kink and the shadow

Kink, perhaps an ill defined concept, has been heralded as the ultimate tool for sexual fulfilment.  But what is kink, and is it really the pleasure panacea that we are being sold?

The contemporary sex industry will tell you that you need sex toys and kinks to have creative sex. Now if you want to do it, do it by all means.  But is it really the ultimate or indeed the only way to experience authentic sexuality.

Sure, we all have things we are into.  I am a Taoist and this opened a door for me to explore my sexual energy in what I would say is the most rofound way.  It has given me an insight into orgasmic energy and various forms of orgasm.  I have become a kind of an orgasm-nerd, an experience that has taken me deeply into my body.

Experiencing sexual energy in this way has played a huge part in my personal development.  It has made me aware of my emotions and responses to things, as well as understand my energy levels and health.

Taking a Critical look

a critique of kink

Is Kink the Only Path to Sexual Fulfilment

Kink is today being uncritically heralded as the answer ro all our sexual woes.  However, especially where commercial interests are involved, I always question. Kink can of course be a valid way to explore, and it is not necessarily sexual.  But of course, there are other ways to experience pleasure.

The most well known kinks involve aspects of domination and submission, including violence and pain. Speaking of the former, these are normal dynamics.  Submitting to one’s beloved can add polarity, and this is what the masculine and feminie are about.

I have had my own experience with the kink scene. Back in the late 90s, I got into the kink scene and I had a good go at trying what it was about.  I wanted to to get into it, but  if I am honest, it didn’t fulfill me.  In terms of the people I met there, many seemed arrogant and I wondered how many people were actually really into it, or indeed how many were merely finding an acceptable way to take out their sadism.

Yes indeed, kink is about exploring our shadow.  Yes, we all have shadows.  We all have a part of ourselves that wants to hurt others.  Another part that wants to be hurt, degraded and humiliated.

Rape fantasy is a very common thing.  One argument is that survivors can find healing in it.  However, a more likely argument is that, in a world where sex is demonised, it gives a chance to play out one’s fantasies in a guilt free setting.

Why Kink has Gone Mainstream and What it Means


Today, kink, in particular involving violent sex, is mainstream. This was made popular by the porn industry, who found that scenes of sexual violence towards women were extremely popular.

Some may see this as an agenda, but what is certain is that it tapped into the psyche of the porn user.  Feeling rejected by women they found an acceptable fantasy way to take out his revenge.

Certainly there’s a commercial interest in it, and what’s arguably the porn industry has attempted to piggyback the LGBT movement, trying to enshrine the right to hit or abuse your partner into law.

Of course, anything consensual is up to the participants, and according to the Tao, everything in moderation.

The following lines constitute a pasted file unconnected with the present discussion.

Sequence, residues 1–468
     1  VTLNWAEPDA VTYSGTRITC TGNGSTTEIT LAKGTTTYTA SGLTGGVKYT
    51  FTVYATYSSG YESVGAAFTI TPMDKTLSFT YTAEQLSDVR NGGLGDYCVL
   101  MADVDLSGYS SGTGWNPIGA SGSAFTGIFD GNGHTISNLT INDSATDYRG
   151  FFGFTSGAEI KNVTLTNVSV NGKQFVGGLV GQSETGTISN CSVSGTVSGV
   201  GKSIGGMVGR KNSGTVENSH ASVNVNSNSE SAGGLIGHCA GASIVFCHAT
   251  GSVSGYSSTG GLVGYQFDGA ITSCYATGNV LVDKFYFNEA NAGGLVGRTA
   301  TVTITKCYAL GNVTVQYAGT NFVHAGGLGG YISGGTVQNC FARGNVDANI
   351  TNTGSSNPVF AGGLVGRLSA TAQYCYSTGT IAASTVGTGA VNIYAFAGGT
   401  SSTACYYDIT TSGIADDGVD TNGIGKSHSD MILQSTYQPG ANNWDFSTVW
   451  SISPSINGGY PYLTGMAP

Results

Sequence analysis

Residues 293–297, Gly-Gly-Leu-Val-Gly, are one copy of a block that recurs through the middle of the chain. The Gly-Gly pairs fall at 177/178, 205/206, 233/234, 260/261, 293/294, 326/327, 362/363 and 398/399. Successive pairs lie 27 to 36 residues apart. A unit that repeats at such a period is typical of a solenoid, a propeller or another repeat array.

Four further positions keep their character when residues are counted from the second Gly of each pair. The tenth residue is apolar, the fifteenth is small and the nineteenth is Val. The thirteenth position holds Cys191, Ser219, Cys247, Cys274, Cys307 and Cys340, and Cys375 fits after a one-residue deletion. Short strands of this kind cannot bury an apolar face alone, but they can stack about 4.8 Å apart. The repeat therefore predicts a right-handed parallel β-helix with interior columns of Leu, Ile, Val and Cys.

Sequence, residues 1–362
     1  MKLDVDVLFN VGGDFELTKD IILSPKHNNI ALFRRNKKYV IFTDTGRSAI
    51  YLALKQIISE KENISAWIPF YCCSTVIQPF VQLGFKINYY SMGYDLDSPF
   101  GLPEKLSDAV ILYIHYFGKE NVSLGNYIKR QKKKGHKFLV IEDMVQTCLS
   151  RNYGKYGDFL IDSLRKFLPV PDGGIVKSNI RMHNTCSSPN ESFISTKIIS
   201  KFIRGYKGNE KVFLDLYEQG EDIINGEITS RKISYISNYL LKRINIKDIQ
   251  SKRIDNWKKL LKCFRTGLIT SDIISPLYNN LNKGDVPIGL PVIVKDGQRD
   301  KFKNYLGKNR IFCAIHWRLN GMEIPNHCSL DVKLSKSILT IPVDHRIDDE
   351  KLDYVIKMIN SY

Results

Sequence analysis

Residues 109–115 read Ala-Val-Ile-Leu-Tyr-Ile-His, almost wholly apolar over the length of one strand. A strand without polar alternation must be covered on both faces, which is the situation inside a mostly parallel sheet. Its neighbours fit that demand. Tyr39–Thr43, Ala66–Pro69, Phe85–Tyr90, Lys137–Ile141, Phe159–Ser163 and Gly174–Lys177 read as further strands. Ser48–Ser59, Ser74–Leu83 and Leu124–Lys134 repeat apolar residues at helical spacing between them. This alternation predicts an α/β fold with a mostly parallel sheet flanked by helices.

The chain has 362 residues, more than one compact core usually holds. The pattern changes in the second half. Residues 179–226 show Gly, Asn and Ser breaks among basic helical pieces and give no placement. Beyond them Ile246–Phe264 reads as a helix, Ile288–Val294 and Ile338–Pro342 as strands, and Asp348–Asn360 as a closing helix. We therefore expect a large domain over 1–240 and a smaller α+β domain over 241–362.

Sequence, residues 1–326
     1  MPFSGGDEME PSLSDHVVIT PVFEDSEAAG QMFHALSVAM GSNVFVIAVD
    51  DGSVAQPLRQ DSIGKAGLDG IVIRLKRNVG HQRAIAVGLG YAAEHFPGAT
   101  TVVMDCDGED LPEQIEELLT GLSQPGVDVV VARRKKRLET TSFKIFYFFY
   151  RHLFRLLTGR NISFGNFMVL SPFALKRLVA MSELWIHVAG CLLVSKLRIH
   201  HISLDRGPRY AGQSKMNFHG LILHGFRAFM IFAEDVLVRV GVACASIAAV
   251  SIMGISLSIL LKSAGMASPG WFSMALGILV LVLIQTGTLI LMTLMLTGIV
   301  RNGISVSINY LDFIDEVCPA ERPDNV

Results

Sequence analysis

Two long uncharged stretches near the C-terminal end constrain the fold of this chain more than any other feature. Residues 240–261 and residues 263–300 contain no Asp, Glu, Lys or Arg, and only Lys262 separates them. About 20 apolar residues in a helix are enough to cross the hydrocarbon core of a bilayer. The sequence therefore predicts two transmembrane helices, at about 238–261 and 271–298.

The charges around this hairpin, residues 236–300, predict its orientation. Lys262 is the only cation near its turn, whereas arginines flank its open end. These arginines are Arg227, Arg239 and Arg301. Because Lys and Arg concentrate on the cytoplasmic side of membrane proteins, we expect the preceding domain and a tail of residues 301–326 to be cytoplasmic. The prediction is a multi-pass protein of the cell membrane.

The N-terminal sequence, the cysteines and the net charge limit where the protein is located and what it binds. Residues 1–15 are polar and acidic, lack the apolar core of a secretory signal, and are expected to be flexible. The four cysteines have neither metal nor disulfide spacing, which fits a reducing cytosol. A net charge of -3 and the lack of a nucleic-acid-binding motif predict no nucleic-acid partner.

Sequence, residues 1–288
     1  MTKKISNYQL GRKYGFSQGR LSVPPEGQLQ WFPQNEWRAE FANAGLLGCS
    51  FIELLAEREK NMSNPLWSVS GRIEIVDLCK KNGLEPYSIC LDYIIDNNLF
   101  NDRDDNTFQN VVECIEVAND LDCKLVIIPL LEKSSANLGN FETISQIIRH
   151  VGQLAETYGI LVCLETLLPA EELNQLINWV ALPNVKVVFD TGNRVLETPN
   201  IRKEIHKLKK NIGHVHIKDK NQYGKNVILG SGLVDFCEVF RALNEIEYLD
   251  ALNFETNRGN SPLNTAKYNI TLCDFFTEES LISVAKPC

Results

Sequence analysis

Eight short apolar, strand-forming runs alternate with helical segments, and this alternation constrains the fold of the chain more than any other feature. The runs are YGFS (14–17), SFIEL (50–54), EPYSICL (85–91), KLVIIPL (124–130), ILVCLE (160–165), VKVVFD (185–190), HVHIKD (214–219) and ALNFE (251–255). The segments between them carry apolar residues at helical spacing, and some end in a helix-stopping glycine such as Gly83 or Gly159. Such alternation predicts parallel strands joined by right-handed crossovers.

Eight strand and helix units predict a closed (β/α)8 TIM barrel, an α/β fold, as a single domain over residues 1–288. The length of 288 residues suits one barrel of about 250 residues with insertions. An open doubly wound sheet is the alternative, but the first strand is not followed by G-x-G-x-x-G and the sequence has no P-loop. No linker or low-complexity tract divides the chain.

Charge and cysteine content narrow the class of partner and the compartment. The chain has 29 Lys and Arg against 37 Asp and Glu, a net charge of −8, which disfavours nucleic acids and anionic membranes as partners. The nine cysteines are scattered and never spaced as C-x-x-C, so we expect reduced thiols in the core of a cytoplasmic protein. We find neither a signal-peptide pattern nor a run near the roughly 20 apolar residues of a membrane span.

Consent and Kink

There is an every growing kink scene in which many are aware of the fact that it is a way to explore shadow.  Aware of the human propensity to both enjoy abusing and enjoy being victims, many of these practitioners have developed a strong ethic around consent.

Certainly, it is important to discuss what is happening.  In terms of consent, it is important not just to get a yes from someone, but to ensure they are an active participant.  The Wheel of Consent has been a fantastic way to explore both consent and shadow.

What is important is to do this consciously.  There are too many men watching violent porn and then acting this out without seeking consent.  This is harmful to the woman and to their relationship, as well as to the man.

I am personally concerned that porn is normalising sexual violence.  For example, strangulation is something porn touts as a normal part of sex.  Many men will try it without asking, because they do not see the porn actor asking either.  One in six women murdered in the UK by men will also be strangled.

There’s a fine line between playing out one’s shadow in order to be more conscious, and in simply playing out shadow, which is what the majority of kink is in practice.

While this is something that can be explored, it’s very important to be aware of where play ends and abuse begins.

Reconnecting with the Innocence of Sexuality


My main critique of kink is that it takes us outside of our bodies. It takes us into the realms of fantasy, where we are disembodied.

I also think that BDSM is a way of playing out the dynamics of guilt and shame that characterise our cultures approach to sexuality.

Western sexuality is extremely polarised, and plays on the guilt shame dynamic for heightened arousal. This is a sharp contrast to Eastern sexology where sex is not about morals, rather a journey within using pleasure as the catalyst.

Kink and BDSM do not exist in Taoism and Tantra.  I would say this is because these two traditions do not involve moralism or shaming or sexuality.  They exist outside of the dualism of Western sexuality, which swings between guilt and shame and an adrenalised sexuality.

Whilst I absolutely ackowledge the role of kink in allowing those interested in expanding consciousness to explore their shadow, it seems to me this should be a means to an end, not an end in itself.

Again this is my opinion, but my personal goal is to move beyond a shame based approach to sexuality.  I want to feel liberation in enjoying it for it’s sake as pure pleasure, a loving and orgasmic experience.


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